Modeling population dynamics, landscape structure, and management decisions for controlling the spread of invasive plants

Caplat, Paul, Coutts, Shaun and Buckley, Yvonne M. (2012) Modeling population dynamics, landscape structure, and management decisions for controlling the spread of invasive plants. Year in Ecology and Conservation Biology, 1249 1: 72-83. doi:10.1111/j.1749-6632.2011.06313.x


Author Caplat, Paul
Coutts, Shaun
Buckley, Yvonne M.
Title Modeling population dynamics, landscape structure, and management decisions for controlling the spread of invasive plants
Journal name Year in Ecology and Conservation Biology   Check publisher's open access policy
ISSN 0077-8923
1749-6632
ISBN 9781573318631
Publication date 2012-01
Sub-type Article (original research)
DOI 10.1111/j.1749-6632.2011.06313.x
Volume 1249
Issue 1
Start page 72
End page 83
Total pages 12
Place of publication Hoboken, NJ, United States
Publisher Wiley-Blackwell Publishing
Collection year 2013
Language eng
Abstract Invasive plants cause substantial economic and environmental damage throughout the world. However, eradication of most invasive species is impossible and, in some cases, undesirable. An alternative is to slow the spread of an invasive species, which can delay impacts or reduce their extent. We identify three main areas where models are used extensively in the study of plant spread and its management: (i) identifying the key drivers of spread to better target management, (ii) determining the role spatial structure of landscapes plays in plant invasions, and (iii) integrating management structures and limitations to guide the implementation of control measures. We show how these three components have been approached in the ecological literature as well as their potential for improving management practices. Particularly, we argue that scientists can help managers of invasive species by providing information about plant invasion on which managers can base their decisions (i and ii) and by modeling the decision process through optimization and agent-based models (iii). Finally, we show how these approaches can be articulated for integrative studies.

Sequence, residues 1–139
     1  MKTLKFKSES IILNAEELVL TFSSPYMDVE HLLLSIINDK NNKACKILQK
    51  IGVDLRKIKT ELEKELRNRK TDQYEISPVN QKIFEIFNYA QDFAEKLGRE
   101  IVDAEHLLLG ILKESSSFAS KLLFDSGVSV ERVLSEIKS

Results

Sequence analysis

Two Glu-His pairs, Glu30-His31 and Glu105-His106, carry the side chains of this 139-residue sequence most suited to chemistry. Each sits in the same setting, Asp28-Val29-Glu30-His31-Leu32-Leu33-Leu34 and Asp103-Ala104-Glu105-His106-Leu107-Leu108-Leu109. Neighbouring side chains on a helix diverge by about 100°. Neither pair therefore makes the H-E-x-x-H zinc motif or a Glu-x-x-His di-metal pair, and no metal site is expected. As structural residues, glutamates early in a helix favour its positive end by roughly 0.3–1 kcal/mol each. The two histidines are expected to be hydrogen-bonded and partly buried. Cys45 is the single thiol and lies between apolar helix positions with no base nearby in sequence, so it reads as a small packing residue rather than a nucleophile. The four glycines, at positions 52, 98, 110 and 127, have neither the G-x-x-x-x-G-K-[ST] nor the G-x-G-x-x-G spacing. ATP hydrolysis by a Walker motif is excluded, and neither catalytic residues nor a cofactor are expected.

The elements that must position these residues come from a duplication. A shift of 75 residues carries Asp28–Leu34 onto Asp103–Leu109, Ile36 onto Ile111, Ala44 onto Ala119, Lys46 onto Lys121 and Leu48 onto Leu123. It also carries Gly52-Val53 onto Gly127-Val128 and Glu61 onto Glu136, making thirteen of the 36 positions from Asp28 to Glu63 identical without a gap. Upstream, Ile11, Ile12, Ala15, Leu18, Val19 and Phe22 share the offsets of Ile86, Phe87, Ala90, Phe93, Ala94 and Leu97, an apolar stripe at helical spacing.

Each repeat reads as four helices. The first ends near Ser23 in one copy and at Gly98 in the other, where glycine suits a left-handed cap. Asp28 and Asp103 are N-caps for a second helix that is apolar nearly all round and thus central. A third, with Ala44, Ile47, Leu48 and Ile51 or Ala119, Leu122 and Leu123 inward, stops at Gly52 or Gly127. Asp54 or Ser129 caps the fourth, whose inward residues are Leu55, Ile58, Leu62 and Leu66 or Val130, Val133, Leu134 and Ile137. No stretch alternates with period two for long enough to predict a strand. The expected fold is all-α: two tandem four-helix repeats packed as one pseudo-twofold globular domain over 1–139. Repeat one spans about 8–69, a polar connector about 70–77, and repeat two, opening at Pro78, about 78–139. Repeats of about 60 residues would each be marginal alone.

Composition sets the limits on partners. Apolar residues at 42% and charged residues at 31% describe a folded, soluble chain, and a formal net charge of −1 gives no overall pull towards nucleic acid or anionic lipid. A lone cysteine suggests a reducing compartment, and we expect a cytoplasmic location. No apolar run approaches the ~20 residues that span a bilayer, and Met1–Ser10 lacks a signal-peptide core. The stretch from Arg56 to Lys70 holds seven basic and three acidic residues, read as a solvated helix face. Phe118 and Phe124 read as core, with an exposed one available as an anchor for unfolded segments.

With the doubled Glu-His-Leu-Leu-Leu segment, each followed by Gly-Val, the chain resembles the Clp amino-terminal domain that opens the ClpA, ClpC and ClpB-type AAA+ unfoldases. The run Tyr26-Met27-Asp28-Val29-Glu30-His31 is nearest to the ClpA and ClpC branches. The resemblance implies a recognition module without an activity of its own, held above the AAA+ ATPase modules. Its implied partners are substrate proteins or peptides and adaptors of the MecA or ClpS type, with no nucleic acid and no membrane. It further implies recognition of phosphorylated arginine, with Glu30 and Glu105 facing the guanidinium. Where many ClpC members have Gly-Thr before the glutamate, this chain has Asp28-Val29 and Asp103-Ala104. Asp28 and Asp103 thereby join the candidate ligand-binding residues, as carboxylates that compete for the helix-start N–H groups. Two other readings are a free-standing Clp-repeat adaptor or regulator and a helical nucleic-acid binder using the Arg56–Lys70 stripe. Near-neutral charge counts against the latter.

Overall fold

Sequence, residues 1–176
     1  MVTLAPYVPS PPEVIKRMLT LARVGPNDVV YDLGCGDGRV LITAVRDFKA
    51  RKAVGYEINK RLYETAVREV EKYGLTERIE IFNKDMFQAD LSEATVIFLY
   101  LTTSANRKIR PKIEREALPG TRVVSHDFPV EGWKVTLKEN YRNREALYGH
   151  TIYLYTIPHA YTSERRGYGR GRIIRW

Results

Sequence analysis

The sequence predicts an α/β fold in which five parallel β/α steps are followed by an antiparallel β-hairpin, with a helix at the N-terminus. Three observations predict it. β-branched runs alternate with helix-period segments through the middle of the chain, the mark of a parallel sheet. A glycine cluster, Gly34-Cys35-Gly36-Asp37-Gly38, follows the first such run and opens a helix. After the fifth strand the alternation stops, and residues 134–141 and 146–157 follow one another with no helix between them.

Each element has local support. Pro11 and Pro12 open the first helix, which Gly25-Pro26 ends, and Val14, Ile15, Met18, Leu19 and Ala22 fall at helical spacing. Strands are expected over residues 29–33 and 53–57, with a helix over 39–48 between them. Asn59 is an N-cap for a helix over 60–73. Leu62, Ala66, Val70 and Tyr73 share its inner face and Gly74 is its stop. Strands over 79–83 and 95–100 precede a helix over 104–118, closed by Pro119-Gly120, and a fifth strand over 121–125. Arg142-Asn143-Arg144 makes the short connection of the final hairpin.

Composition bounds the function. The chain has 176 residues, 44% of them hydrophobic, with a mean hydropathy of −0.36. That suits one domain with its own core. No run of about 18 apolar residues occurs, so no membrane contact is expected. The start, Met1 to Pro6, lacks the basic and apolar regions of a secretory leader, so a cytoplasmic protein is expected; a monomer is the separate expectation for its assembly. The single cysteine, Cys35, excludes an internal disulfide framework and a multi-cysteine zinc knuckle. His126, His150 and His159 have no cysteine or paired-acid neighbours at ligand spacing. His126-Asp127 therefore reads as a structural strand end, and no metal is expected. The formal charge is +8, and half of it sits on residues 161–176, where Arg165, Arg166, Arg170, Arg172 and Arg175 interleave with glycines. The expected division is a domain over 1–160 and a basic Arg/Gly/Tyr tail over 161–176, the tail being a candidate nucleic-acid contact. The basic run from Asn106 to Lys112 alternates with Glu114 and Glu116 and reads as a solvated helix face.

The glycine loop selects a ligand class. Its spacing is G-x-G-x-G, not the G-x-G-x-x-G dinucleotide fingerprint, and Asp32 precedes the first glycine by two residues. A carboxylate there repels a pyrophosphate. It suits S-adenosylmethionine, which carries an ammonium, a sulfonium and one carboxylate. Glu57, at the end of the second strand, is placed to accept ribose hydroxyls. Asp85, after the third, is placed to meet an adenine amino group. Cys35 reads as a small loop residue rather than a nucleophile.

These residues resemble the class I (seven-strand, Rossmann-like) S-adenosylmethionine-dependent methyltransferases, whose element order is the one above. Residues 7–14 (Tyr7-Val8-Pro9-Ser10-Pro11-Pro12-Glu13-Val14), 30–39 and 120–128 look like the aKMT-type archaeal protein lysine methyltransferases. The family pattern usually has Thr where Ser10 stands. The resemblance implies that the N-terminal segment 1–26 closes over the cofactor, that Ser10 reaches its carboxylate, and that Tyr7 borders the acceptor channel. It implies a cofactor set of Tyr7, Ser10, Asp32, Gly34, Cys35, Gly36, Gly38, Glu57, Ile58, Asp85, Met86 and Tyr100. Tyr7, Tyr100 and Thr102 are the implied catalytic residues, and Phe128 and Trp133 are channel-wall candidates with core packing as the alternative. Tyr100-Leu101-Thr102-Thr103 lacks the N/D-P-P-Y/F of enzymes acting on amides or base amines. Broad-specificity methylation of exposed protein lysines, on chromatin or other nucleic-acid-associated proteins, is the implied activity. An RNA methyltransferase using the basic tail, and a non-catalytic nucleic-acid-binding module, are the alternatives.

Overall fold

Keyword Landscape
Seed dispersal
Exotic species
Integrodifference equation
Network theory
Q-Index Code C1
Q-Index Status Confirmed Code
Institutional Status UQ
Additional Notes Issue: The Year in Ecology and Conservation Biology

Document type: Journal Article
Sub-type: Article (original research)
Collections: Official 2013 Collection
School of Biological Sciences Publications
 
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Created: Sat, 15 Sep 2012, 16:59:02 EST by Gail Walter on behalf of School of Biological Sciences